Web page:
Remembering the power of George Michael
It was in 2016 when we lost George Michael. He died on Christmas Day.
His music was the soundtrack to a generation, but he was also an important role-model for us all.
George Michael was defiantly and unapologetically queer. He showed us all the importance of not editing or diminishing ourselves for the rest of the world. He wasn’t perfect, and he didn’t try and pretend that he was.
We have a lot to thank George Michael for.
Who was George Michael?
Born in 1963 in London, George Michael was christened as Georgios Kyriacos Panayiotou. George Michael’s father was a Greek Cypriot restaurateur who emigrated to England in the 1950s, while his mother was an English dancer.
While he was in his early teens, the family moved to Radlett. There, the young George Michael attended Bushey Meads School, where he befriended his future Wham! partner Andrew Ridgeley. The two had the same career ambition of being musicians.
As well as busking, George began working as a DJ and then he and Ridgeley formed a band called The Executive.
By 1981, George Michael and Andrew Ridgeley had become Wham!
The band’s first album – Fantastic – reached number one in the UK charts in 1983. Singles included Wham Rap! and Club Tropicana.
Their second album – Make It Big – reached number one on the charts in the US. Singles from that album included Wake Me Up Before You Go-Go, and Careless Whisper.
In late 1987, Michael released his debut solo album – Faith. From there, the hits kept coming and Michael cemented his place as one of the world’s biggest names in music.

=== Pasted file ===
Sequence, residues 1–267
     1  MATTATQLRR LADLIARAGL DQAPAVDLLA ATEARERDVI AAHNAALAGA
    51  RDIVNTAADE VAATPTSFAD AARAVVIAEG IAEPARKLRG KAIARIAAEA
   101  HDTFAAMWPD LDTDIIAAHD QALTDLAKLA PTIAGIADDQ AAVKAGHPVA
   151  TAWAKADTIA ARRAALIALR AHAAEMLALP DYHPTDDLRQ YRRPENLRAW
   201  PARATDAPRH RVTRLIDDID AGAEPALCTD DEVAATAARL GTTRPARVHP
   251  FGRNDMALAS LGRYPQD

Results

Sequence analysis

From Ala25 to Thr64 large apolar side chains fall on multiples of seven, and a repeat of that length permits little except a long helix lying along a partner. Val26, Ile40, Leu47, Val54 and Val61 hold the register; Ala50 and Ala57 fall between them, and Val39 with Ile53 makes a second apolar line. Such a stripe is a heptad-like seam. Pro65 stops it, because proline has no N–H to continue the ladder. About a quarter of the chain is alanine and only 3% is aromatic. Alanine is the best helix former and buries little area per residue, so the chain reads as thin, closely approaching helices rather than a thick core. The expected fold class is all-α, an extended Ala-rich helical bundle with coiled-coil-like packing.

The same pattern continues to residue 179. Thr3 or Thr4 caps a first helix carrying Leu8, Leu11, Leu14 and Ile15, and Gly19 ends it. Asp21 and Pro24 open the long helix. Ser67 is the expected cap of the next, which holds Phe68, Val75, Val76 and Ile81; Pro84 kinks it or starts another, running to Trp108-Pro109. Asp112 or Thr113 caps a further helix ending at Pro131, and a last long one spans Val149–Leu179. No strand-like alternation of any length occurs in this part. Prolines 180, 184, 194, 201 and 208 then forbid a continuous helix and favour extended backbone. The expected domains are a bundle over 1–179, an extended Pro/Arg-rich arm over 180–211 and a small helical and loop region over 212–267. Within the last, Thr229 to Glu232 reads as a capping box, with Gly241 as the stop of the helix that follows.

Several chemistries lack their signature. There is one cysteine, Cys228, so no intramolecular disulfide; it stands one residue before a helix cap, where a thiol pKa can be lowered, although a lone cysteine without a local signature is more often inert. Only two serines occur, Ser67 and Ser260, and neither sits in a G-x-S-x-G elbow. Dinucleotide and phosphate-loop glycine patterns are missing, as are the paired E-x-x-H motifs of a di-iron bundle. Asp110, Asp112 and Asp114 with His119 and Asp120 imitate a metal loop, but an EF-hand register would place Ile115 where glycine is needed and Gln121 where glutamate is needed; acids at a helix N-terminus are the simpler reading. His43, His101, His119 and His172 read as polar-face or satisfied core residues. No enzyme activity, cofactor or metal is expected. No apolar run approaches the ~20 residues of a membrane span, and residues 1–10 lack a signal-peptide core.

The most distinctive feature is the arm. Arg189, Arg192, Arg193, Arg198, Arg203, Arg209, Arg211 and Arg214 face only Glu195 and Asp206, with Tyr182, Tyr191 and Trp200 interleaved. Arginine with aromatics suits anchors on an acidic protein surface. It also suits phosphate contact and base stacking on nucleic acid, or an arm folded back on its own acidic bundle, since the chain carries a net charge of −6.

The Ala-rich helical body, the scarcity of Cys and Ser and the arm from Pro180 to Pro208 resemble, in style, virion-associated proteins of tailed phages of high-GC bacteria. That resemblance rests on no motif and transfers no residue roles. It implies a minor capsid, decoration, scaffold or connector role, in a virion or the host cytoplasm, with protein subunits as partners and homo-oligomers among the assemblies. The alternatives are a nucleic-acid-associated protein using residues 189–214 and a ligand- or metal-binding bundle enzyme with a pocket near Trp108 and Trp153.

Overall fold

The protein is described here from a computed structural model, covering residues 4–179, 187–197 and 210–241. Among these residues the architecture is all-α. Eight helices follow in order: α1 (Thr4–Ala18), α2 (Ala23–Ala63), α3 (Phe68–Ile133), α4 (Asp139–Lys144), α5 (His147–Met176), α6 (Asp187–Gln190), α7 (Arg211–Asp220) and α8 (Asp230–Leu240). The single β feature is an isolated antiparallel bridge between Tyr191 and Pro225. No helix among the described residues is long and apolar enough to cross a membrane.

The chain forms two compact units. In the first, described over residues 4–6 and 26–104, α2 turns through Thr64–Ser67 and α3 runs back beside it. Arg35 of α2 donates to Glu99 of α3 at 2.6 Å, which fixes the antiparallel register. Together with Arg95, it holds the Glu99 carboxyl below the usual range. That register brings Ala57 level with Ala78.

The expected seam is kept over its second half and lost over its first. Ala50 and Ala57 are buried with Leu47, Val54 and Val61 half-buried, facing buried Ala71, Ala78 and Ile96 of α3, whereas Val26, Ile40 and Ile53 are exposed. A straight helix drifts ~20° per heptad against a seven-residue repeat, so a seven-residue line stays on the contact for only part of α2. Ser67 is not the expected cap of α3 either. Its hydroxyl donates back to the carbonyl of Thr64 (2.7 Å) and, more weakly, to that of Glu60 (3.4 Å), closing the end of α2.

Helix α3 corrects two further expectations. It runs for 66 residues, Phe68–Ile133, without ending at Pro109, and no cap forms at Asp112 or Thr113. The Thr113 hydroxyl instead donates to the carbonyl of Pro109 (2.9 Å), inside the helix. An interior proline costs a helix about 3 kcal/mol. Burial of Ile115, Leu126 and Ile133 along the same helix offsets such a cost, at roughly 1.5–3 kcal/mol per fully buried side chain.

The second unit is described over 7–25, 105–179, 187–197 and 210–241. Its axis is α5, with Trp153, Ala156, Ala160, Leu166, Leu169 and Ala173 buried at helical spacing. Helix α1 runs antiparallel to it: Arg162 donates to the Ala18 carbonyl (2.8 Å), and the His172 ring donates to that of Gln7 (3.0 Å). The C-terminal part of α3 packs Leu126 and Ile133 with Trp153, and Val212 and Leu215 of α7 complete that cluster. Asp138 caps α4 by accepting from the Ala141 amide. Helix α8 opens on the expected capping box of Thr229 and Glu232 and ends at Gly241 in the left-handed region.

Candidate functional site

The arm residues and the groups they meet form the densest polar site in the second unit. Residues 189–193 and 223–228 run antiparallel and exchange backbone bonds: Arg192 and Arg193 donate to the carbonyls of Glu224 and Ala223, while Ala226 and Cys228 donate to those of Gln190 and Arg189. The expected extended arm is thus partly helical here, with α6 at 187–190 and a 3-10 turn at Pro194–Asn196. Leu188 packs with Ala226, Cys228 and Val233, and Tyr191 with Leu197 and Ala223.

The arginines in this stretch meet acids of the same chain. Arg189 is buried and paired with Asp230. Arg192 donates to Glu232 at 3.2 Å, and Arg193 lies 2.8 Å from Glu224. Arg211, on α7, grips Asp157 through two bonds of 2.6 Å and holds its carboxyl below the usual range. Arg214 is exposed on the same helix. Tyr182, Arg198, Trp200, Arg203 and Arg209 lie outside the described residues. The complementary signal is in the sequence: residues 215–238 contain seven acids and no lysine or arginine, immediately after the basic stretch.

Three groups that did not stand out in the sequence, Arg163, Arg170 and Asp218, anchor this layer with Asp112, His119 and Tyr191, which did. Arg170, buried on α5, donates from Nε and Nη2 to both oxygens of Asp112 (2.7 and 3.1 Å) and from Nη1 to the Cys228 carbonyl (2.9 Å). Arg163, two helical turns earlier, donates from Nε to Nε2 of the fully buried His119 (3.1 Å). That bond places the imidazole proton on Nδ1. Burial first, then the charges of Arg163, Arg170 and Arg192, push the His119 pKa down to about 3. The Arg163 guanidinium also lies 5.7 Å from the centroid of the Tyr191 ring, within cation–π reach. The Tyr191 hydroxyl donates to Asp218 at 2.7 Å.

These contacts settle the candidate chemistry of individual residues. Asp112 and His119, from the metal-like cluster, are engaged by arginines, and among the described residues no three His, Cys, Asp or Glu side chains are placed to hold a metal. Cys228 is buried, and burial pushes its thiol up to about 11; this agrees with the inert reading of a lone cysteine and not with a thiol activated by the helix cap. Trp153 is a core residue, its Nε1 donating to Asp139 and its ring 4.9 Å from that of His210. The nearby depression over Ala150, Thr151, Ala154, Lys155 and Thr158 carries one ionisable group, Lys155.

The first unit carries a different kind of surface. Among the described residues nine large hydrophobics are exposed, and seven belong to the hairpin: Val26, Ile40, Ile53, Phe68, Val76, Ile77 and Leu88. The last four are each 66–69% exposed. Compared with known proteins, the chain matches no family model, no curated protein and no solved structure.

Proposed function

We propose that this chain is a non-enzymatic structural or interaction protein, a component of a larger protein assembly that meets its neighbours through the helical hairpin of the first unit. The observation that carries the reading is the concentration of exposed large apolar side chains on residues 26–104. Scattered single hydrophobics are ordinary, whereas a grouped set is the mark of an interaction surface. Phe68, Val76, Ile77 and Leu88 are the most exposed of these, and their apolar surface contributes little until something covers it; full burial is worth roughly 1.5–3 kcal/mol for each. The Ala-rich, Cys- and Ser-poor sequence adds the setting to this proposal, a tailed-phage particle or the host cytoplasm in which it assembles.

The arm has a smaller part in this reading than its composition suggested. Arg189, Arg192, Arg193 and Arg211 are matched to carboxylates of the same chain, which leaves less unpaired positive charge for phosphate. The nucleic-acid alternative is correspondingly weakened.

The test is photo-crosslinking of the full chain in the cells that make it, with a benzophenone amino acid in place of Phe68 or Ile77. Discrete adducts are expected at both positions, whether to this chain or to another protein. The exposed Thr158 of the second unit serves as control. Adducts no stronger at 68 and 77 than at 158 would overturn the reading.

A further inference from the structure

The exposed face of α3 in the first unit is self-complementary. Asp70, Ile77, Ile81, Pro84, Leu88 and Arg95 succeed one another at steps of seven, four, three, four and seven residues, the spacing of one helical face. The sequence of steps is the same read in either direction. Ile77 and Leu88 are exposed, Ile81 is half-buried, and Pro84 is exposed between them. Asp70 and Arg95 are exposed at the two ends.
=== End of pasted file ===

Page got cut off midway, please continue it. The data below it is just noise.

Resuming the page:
George Michael’s life as a gay man became public knowledge following his arrest in 1998 for public lewdness – he was found having sex in a public toilet in Los Angeles. He embraced his sexuality and confirmed that cruising for sex was something he enjoyed as a gay man.
Significant relationships in his life included Anselmo Feleppa, Kenny Goss, and Fadi Fawaz.
In the early hours of 25 December 2016, Michael died in bed at his home in Goring-on-Thames, aged 53. He was found by his partner, Fadi Fawaz. The coroner attributed Michael’s death to dilated cardiomyopathy with myocarditis and a fatty liver.
How do we celebrate the memory of George Michael?
From his teen heart-throb days of Wham! through to an impressive solo career, George Michael became an important voice for the experience and visibility of gay men. It’s a contribution and a legacy worth celebrating.
He was born on 25 June in 1963. His date of birth has become a moment for us all to pay tribute.
George Michael is buried in London’s Highgate Cemetery. Some people like to place flowers at his grave.
There’s generally an unofficial gathering somewhere on Hampstead Heath. This is pretty much the best-known cruising area in London and it’s a part of London associated with Michael.
You could celebrate by going cruising. Pull on some short shorts, get out into the nearest park and see who catches your eye.
Or you could just play some of his impressive back catalogue and dance around. A great place to start is Outside – the track he released following his arrest for cruising.